There’s a lot of people talking about innovation these days, myself included. The good news is that business leaders seem to be sitting up and taking notice of this important subject.
By Holly Green
The bad news is that once a topic becomes popular in the media, people have a tendency to see it as the next “management flavor of the month.” In other words, they perceive it as a quick fix solution rather than a long-term change in the way they do business.
Remember a few decades ago when everyone jumped on the continuous improvement bandwagon? Very quickly, companies of all shapes and sizes began implementing six sigma, lean manufacturing, and other types of process improvement programs. Many had no clue what they were doing or worked hard without a link to overall strategy and success. And most had very unrealistic timelines and expectations for the results they hoped to achieve.
Not surprisingly, the continuous improvement movement failed to produce any overnight successes. Companies that approached continuous improvement as a quick fix soon discovered the error of their ways, usually ending up worse off than before they started. Those that invested the time and effort in making continuous improvement a way of life are still reaping the dividends.
The same thing needs to happen with innovation. To succeed, it needs to become an integral part of how you do business. Innovation requires ways of thinking that must underlie all the process, systems, and management behaviors in an organization. Creating ongoing innovation in an organization needs to be thought of as a long-term process, especially if you are used to reacting to change rather than creating it. Most of all, innovation requires an organizational culture that nourishes and supports it as a way of life rather than as a short-term band-aid for current business problems.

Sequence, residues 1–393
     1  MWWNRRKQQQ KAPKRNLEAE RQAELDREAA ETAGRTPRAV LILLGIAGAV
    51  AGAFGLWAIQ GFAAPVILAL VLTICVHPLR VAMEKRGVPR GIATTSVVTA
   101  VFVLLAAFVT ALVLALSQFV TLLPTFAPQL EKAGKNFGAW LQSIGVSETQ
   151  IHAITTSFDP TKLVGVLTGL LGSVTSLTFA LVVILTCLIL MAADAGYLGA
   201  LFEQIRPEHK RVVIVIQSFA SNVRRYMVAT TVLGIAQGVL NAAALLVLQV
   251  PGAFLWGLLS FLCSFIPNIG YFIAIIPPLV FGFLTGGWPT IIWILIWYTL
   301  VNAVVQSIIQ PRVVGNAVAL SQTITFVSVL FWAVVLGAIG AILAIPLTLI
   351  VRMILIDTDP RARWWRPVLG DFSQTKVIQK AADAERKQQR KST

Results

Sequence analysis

To create a culture that encourages rather than inhibits innovation:
Create a Powerful Context
The strategic planning process starts with defining what winning looks like for your organization. Creating a culture that supports innovation begins the same way. Start by explaining why innovation is important and how it will help your organization win. Paint a picture of what your organization will look like when innovation becomes a way of life and how it will benefit all your key stakeholders. Always address the “why” before moving on to the “what” and the “how.”
Help People Learn to Think Differently
Most of us don’t really know how to pause to challenge our own assumptions, change perspectives, or even how to consider different angles. We are not used to slowing down just a little to consider options, balance the big picture with the details, or seek new data. As adult humans, we are not naturally prone to constantly test and update our mental models about our world, our customers, our peers, and our organization. Most of us need tools and support to learn these critical new skills and abilities. Make sure you set your organization up for success by providing the necessary support in the form of learning sessions, tools, and techniques to help people think differently.